Agency and Life Domains

by Gleb_Tsipursky7 min read16th Nov 201469 comments


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The purpose of this essay is to propose an enriched framework of thinking to help optimize the pursuit of agency, the quality of living intentionally. I posit that pursuing and gaining agency involves 3 components:

1. Evaluating reality clearly, to

2. Make effective decisions, that

3. Achieve our short and long-term goals.

In other words, agency refers to the combination of assessing reality accurately and achieving goals effectively, epistemic and instrumental rationality. The essay will first explore the concept of agency more thoroughly, and will then consider the application of this concept in different life domains, by which I mean different life areas such as work, romance, friendships, fitness, leisure, and other domains.

The concepts laid out here sprang from a collaboration between myself and Don Sutterfield, and also discussions with Max Harms, Rita Messer, Carlos Cabrera, Michael Riggs, Ben Thomas, Elissa Fleming, Agnes Vishnevkin, Jeff Dubin, and other members of the Columbus, OH, Rationality Meetup, as well as former members of this Meetup such as Jesse Galef and Erica Edelman. Members of this meetup are also collaborating to organize Intentional Insights, a new nonprofit dedicated to raising the sanity waterline through popularizing Rationality concepts in ways that create cognitive ease for a broad public audience (for more on Intentional Insights, see a fuller description here).


This section describes a framework of thinking that helps assess reality accurately and achieve goals effectively, in other words gain agency. After all, insofar as human thinking suffers from many biases, working to achieve greater agenty-ness would help us lead better lives. First, I will consider agency in relation to epistemic rationality, and then instrumental rationality: while acknowledging fully that these overlap in some ways, I believe it is helpful to handle them in distinct sections.

This essay proposes that gaining agency from the epistemic perspective involves individuals making an intentional evaluation of their environment and situation, in the moment and more broadly in life, sufficient to understand the full extent of one’s options within it and how these options relate to one’s personal short-term and long-term goals. People often make their decisions, both in the moment and major life decisions, based on socially-prescribed life paths and roles, whether due to the social expectations imposed by others or internalized preconceptions, often a combination of both. Such socially-prescribed life roles limit one’s options and thus the capacity to optimize one’s utility in reaching personal goals and preferences. Instead of going on autopilot in making decisions about one’s options, agency involves intentionally evaluating the full extent of one’s options to pursue the ones most conducive to one’s actual personal goals. To be clear, this may often mean choosing options that are socially prescribed, if they also happen to fit within one’s goal set. This intentional evaluation also means updating one’s beliefs based on evidence and facing the truth of reality even when it may seem ugly.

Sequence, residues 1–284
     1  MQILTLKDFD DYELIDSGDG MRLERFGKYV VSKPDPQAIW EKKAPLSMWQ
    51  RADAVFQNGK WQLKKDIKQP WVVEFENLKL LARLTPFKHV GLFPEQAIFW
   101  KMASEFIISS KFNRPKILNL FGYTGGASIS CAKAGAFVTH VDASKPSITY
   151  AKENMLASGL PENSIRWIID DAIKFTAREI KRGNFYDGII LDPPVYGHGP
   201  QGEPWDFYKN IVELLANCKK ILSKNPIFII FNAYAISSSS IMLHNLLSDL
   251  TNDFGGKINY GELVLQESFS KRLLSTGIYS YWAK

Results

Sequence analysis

By gaining agency from the instrumental perspective, this essay refers to the ability to achieve one’s short-term and long-term goals. Doing so requires that one first gain a thorough understanding of one’s short-term and long-term goals, through an intentional process of self-evaluation of one’s values, preferences, and intended life course. Next, it involves learning effective strategies to make and carry out decisions conducive to achieving one’s personal goals and thus win at life. In the moment, that involves having an intentional response to situations, as opposed to relying on autopilot reflexes. This statement certainly does not mean going by System 2 at all times, as doing so would lead to rapid ego depletion, whether through actual willpower drain or through other related mechanisms. Agency involves using System 2 to evaluate System 1 and decide when one’s System 1 may be trusted to make good enough decisions and take appropriate actions with minimal oversight, in other words when System 1 has functional cached thinking, feeling, and behavior patterns. In cases where System 1 habits are problematic, agency involves using System 2 to change System 1 habits into more functional ones conducive to one’s goal set, not only behaviors but also changing one's emotions and thoughts. For the long term, agency involves intentionally making plans about one’s time and activities so that one can accomplish one’s goals. This involves learning about and adopting intentional strategies for discovering, setting, and achieving your goals, and implementing these strategies effectively in your life on a daily level.